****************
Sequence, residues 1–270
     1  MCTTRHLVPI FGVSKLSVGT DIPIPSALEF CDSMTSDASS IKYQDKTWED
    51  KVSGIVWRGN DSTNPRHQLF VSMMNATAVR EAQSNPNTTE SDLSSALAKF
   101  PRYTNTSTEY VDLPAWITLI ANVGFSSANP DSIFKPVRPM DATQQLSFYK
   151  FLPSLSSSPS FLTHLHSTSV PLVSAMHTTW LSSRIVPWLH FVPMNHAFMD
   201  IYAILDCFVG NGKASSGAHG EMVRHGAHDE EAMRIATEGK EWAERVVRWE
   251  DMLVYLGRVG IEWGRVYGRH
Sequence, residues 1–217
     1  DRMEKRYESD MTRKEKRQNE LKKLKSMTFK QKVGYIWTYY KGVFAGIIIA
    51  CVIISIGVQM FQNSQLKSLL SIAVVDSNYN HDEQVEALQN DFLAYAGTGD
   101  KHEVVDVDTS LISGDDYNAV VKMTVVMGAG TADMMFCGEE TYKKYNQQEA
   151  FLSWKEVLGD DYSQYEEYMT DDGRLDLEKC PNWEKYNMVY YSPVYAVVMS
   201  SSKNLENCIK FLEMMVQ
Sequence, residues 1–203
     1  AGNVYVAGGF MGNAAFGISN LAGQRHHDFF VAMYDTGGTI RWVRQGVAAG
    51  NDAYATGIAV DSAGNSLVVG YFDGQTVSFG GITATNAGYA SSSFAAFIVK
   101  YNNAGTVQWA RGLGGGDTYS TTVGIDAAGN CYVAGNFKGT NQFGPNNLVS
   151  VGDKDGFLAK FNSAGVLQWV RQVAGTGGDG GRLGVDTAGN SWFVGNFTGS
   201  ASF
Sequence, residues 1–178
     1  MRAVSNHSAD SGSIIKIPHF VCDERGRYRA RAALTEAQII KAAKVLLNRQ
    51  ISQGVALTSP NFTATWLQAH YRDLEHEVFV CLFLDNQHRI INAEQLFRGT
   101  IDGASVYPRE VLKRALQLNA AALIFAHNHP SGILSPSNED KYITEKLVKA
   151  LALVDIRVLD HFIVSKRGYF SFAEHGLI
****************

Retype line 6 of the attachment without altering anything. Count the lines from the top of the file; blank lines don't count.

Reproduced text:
   201  IYAILDCFVG NGKASSGAHG EMVRHGAHDE EAMRIATEGK EWAERVVRWE